I found a tribe. They are quirky, blue monkeys in a brown monkey world. This would be their chosen birthday cake.
So many are living my dream. A dream of writing and publishing a book. The most recent was LaDonna Cole. Tornados play a prominent role in her book, “Torn”. She sent me this.
Clutching the book to my heart as her heartfelt, handwritten dedication took root, I stood crying in my kitchen. I was so proud. So proud because I knew some of the tornadoes she braved to bring the book to life. My heart swelled too because I know her. I really know her. Though I have only met her twice, I’m in her tribe and she is in mine.
Today there was an oddly shaped package in the pile of online purchased holiday surprises. Sent by Stephanie Pazicni Karfelt, author of WOA, Warrior of the Ages.
I clutched this package to my heart too. For it spoke to my deepest desire and made me giggle. The contents are a silly, awesome, quirky addition which will surprise and delight all my family. She sent it, priority mail, because I am in her tribe and she is in mine. We’ve only met twice.
Most of my life I have felt like an orphan. To be sure I was blessed with a mother and father, yet I remained rootless in my heart. Restlessness was a paper cut to my heart, shallow enough not to be lethal, deep enough to hurt.
Quietly, surprisingly, I have found a tribe of my own. They are authors, mothers, fathers, sisters and brothers. Not all are published, still many are writers. Some are older, wiser mensches whose pearls of wisdom are precious. Some are my age, old enough to know better and young enough to sometimes not care. I could be the mother of one, and she never reminds me. Not all are writing, they, like me, have worthy causes which pull them from their words. Yet they find moments to text or FB or to send silly surprises.
Tonight I am thankful for this wordy tribe who has found me. I can rest my tired heart on their shoulders and wrap my hopes around their successes. They make me feel less like an orphan and more like a whole person who can live abundantly.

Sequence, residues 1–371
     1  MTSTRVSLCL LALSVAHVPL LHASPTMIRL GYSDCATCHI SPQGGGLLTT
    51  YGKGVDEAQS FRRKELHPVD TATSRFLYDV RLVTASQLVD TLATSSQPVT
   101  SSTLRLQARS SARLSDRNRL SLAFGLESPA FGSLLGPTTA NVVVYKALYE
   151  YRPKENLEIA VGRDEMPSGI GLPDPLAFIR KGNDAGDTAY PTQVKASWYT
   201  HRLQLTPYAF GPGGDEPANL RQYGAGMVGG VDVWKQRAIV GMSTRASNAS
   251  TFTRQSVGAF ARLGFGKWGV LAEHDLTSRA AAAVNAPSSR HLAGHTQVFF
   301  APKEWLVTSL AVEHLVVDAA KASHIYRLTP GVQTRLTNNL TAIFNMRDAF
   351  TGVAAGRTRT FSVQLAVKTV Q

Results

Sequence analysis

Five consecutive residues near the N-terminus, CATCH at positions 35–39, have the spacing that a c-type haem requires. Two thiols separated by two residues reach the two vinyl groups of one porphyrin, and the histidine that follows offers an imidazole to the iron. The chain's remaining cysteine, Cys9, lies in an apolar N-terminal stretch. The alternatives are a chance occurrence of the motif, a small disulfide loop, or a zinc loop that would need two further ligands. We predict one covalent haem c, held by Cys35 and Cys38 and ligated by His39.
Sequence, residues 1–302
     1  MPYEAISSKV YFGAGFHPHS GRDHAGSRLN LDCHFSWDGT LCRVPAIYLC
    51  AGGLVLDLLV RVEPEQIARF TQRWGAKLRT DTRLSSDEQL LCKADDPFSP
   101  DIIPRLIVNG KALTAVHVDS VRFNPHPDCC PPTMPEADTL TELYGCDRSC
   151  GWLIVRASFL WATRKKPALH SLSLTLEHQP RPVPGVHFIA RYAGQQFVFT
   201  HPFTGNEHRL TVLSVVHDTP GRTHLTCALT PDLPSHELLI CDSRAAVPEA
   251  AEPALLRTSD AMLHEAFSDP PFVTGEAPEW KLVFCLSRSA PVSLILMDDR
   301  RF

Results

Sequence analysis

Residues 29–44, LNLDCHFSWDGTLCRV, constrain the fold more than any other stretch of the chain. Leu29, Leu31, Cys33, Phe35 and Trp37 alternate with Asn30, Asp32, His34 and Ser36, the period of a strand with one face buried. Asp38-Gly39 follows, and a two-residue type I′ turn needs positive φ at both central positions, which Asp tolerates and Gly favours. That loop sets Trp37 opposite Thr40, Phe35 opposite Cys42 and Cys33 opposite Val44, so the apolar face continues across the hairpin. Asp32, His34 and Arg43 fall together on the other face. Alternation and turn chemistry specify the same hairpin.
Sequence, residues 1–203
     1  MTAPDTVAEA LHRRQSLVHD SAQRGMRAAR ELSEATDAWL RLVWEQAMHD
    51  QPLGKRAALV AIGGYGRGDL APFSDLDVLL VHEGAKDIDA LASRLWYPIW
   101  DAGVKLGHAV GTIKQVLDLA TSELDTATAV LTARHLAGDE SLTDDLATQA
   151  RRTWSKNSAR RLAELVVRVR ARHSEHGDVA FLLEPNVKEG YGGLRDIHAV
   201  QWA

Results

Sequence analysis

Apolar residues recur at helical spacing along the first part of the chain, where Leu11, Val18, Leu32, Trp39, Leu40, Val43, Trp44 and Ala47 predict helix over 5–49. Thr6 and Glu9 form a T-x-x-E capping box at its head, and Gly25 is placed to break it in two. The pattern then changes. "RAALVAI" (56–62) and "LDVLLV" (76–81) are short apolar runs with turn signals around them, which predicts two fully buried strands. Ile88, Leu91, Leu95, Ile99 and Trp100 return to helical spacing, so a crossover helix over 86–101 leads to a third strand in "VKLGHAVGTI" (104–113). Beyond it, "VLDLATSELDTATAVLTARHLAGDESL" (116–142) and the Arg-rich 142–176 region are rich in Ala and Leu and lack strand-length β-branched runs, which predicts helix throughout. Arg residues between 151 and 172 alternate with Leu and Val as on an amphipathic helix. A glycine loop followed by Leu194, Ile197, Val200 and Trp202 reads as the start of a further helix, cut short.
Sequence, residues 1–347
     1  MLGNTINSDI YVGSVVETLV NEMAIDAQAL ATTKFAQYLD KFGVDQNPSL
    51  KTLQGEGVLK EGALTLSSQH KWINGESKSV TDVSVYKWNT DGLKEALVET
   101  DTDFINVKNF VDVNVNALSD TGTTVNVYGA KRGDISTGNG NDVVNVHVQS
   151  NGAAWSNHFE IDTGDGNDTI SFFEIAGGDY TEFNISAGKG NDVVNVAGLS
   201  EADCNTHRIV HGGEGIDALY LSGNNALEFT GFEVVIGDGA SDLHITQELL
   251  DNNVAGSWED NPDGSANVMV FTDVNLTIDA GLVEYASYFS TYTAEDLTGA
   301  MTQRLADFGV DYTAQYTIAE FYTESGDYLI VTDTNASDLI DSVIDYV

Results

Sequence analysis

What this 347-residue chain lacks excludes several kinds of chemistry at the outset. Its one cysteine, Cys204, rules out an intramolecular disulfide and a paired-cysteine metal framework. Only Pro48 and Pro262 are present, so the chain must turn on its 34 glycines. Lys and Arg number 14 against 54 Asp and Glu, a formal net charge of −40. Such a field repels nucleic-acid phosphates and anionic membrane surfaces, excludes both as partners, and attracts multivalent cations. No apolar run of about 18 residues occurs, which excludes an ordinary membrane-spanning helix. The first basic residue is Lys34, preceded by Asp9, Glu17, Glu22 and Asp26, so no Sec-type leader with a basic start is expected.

I’m thankful you are in my virtual tribe by reading this blog. Who is in your tribe? I’d like to know.
Things I Would Be Thankful to Have Less of:
–Cancer steals the life of the one with the diagnosis and rips away pieces of the lives of all those who love and care for them.
–Jeans Size, seriously if the junk in my trunk expands any further I’ll need my own zip code.
–Stuff, which at one point I thought I needed and then forgot why I needed it and now just stare at and wonder how it came to rest underfoot.
Things I Am Thankful to Have More of:
–Time with the one with cancer. We are months ahead of the curve, every day is a bonus
–Comfy Wool Socks in the frozen hinterlands where I live, obnoxious wool socks are the difference between a cranky night and cozy one.
–Faith is a precious commodity I ceded to bitterness and an attitude with God because things didn’t go my way (an understatement-they didn’t just go another way, they stomped on my heart and stole my life). Faith is nibbling at the crusty, hard baked shell around my spirit. Would like to have more of it.
Things I am Thankful to Have in Abundance:
–Laughter at and with my kids, they are so weird they make me feel normal.
–Friends who text when I can’t remember how to turn the phone on and who always ask me how I am because they truly want to know.
–You reading my blog. Of late I am learning harsh lessons on the value of time, sharing yours with me is a gift for which I will always be thankful.
What would you be thankful for less of, more of or have in abundance? I want to read what you write too.
Received a text from a friend today.
“Is something wrong? Haven’t heard from you.”
I immediately called her and we had a frank and honest conversation. I apologized for making assumptions. I decided she couldn’t possibly want to spend time with me individually if we already would be in the same place for a group gathering. I was wrong.
She assumed I was mad or she had done something. She was wrong.
We talked it out and planned to schedule some time as soon as we could. I felt loved abundantly.
Loving abundantly means sometimes asking the hard questions. Questions like, “What is going on with you?”. It also means being willing to do the work to arrive at the answers.
Recently my absolute, iron-clad assumption that I am unworthy of or good at friendships has come crashing to the ground. A very determined and long-suffering group of people have quietly chipped away at the foundation. They simply do not permit me to fade into the background. They do not hear excuses and will show up on my doorstep, children in tow, for a cup of coffee and some peanut butter banana toast.
It’s easier to let things slide. To inhale the intoxicating scent of passive aggression and simply fade away. It’s easier, however, it’s not loving abundantly.